But The NASCAR Way of vigilantly making the cars as closely competitive as humanly possible because they actually believe it makes it fair for everyone is simply not working out. In fact, it has backfired. Why? It's a noble idea and all, but it seems to belie a childlike naivete that they can actually achieve a technological parity for everyone, when In fact it creates the exact opposite effect when you really think about it.

When the rules are the same and the specs are the same and everything is allegedly the same, what does that force the "haves" teams to do? They hire more engineers, more aerodynamicists, more suspension experts, and spend loads of cash on even more computer time for that latest refined tweak that may give them a 1,000th of a second advantage on the track. The result? There is no real parity in NASCAR. There is no real parity in racing, period. Advantages are fought for and won and the "haves" of the racing world always win. And NASCAR is kidding themselves if they don't see that.

The reality of the RTA for NASCAR is that these "haves" teams have now become a unified force. They are the teams with the marquee drivers, the most visible national sponsors, the untold legions of talented technical people and the cold, hard cash. They have seen their costs skyrocket because of NASCAR's naivete in pushing the whole "parity" thing when in fact it's a fool's errand. These teams will exploit every last loophole simply because they can. When you're one of the "haves" that's what you do. And parity has nothing to do with it.

Why does the reality of the RTA spell big trouble for NASCAR? Because the NASCAR business model is based on control, period. It has always been about control and it always will be about control. Oh, and the money, too, obviously, but that goes without saying, doesn't it?

The reality of the RTA is that it's a direct threat to The NASCAR Way. In fact the RTA represents America's new Racing Industrial Complex. This is where the money is, this is where the technology is, this is where the sponsors go and this is where the marquee drivers - the ones that NASCAR has built its "cult of personality" around - are employed. And lest you think this is simply confined to NASCAR, take a long look at how many of the NASCAR teams run road racing and/or IndyCar programs out of their shops in North Carolina. Other than the Indianapolis area, which still holds a technological foothold - albeit a shrinking one - the new Racing Industrial Complex in America is in North Carolina, and it is controlled by the teams of the RTA.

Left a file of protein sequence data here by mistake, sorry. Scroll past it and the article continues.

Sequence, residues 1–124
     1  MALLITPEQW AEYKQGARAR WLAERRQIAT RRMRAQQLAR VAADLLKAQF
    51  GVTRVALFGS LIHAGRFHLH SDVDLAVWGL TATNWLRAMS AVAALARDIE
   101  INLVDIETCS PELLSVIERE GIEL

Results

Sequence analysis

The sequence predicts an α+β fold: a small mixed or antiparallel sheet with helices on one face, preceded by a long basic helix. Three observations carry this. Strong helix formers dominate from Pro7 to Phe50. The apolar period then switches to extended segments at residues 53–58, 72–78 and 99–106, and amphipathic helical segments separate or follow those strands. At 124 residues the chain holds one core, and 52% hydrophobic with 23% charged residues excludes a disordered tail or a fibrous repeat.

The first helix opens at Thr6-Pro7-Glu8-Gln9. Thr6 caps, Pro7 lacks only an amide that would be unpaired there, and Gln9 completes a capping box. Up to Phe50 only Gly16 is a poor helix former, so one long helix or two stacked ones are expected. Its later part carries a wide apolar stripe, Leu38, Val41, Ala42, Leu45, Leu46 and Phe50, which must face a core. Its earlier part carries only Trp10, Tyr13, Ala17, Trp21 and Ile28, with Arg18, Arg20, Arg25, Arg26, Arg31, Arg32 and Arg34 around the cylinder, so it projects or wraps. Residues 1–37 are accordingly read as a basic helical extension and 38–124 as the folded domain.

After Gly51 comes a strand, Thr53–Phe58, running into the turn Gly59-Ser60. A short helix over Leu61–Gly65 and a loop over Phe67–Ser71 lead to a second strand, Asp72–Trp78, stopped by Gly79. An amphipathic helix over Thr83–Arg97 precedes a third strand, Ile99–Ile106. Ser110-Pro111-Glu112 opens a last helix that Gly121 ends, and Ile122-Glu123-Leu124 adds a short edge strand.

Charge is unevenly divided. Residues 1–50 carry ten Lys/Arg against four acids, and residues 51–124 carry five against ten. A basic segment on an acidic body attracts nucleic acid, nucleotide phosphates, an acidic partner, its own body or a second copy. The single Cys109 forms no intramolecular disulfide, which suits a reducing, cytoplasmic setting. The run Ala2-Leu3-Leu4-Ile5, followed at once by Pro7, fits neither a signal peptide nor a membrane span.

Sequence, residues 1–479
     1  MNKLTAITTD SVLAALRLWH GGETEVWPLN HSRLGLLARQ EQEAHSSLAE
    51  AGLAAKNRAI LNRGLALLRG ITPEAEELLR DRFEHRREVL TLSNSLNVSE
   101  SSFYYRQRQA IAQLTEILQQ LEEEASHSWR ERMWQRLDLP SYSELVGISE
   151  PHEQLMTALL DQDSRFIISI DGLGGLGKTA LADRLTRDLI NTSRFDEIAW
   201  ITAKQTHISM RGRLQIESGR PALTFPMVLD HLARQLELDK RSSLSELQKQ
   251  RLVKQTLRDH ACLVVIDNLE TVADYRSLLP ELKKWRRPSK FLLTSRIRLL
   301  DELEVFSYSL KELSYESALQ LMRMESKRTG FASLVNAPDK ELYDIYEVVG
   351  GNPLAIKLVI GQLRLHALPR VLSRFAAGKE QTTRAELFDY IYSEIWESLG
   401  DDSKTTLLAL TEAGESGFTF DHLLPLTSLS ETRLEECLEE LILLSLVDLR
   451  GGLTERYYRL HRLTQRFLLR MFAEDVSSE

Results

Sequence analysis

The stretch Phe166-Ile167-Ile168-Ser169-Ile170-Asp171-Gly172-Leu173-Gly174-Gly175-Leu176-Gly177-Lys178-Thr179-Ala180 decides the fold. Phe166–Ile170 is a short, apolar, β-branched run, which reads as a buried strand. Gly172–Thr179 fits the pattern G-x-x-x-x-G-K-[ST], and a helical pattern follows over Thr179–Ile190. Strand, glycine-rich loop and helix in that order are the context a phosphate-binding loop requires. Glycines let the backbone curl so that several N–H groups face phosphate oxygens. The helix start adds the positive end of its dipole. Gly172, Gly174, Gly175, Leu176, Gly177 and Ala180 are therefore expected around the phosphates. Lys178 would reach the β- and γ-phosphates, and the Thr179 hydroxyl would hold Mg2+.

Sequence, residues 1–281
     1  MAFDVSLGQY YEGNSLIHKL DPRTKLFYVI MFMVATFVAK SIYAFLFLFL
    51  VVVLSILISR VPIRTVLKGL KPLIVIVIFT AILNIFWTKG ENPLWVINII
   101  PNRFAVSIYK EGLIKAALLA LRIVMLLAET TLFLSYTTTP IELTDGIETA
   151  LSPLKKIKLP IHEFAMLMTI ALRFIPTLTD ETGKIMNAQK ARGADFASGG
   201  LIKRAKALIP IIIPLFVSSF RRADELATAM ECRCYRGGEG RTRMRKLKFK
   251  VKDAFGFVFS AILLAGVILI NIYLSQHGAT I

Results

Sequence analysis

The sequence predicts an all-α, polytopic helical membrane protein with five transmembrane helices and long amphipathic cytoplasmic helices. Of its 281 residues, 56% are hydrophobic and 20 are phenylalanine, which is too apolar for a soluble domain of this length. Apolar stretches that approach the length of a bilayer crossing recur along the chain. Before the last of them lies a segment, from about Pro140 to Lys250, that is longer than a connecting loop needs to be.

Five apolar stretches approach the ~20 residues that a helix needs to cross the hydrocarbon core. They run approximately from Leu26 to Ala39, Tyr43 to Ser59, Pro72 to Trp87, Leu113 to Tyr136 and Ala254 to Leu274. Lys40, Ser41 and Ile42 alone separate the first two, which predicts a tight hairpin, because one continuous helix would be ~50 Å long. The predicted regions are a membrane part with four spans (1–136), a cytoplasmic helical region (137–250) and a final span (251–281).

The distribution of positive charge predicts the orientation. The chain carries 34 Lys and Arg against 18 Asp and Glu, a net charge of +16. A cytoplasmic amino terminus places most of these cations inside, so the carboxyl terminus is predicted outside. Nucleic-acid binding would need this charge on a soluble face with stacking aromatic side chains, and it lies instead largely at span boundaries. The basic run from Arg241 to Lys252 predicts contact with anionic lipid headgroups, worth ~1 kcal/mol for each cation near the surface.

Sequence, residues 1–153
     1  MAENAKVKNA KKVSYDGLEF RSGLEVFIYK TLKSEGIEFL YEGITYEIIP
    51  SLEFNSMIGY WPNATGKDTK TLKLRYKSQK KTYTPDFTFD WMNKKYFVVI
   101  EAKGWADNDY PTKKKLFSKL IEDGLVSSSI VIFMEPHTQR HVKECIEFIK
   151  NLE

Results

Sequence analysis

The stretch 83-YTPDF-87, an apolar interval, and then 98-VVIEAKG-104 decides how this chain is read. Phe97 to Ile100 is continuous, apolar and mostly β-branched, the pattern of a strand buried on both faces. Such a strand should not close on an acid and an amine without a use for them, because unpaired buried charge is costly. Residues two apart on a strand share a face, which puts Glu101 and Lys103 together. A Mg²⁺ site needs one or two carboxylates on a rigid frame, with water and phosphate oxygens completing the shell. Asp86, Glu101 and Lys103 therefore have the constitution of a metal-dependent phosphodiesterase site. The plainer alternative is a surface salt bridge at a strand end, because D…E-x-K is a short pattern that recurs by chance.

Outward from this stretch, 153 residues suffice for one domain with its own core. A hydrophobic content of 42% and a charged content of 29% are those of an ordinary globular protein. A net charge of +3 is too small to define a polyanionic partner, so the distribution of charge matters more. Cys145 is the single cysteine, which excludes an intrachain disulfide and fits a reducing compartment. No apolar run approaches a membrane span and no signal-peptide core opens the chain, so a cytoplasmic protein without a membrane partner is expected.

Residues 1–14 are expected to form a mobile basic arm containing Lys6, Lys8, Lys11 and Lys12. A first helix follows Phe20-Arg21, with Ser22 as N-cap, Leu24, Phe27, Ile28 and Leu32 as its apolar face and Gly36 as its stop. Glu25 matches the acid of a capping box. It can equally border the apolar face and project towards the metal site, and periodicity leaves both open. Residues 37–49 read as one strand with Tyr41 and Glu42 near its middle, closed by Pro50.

So what has NASCAR's initial reaction been to all of this? That the RTA is a step in the "wrong direction." That it is "unnecessary" and "counterproductive." That it "isn't in the best interests" of the sport. In other words, lots of noise signifying not much. Wrong move.

This isn't the era of "Big Bill" France. And it isn't the era of Bill France Jr. either. (And it has never been the era of Brian France, but then again that goes without saying.) No, this is the new era of America's Racing Industrial Complex, and the powers that be in Daytona Beach better get serious about the implications and the ramifications of what this all means, before they get left "like a house by the side of the road," as Ernie Harwell used to say.

Publisher's Note: As part of our continuing series celebrating the "Glory Days" of racing, we're proud to present another noteworthy image from the Ford Racing Archives. - PMD

(Photo by Dave Friedman courtesy of the Ford Racing Archives)
Indianapolis, Indiana, 1964. Jim Clark and Colin Chapman confer before Clark's qualification run for that year's Indianapolis 500.

Publisher's Note: Like these Ford racing photos? Check out Be forewarned, however, because you won't be able to go there and not order something. - PMD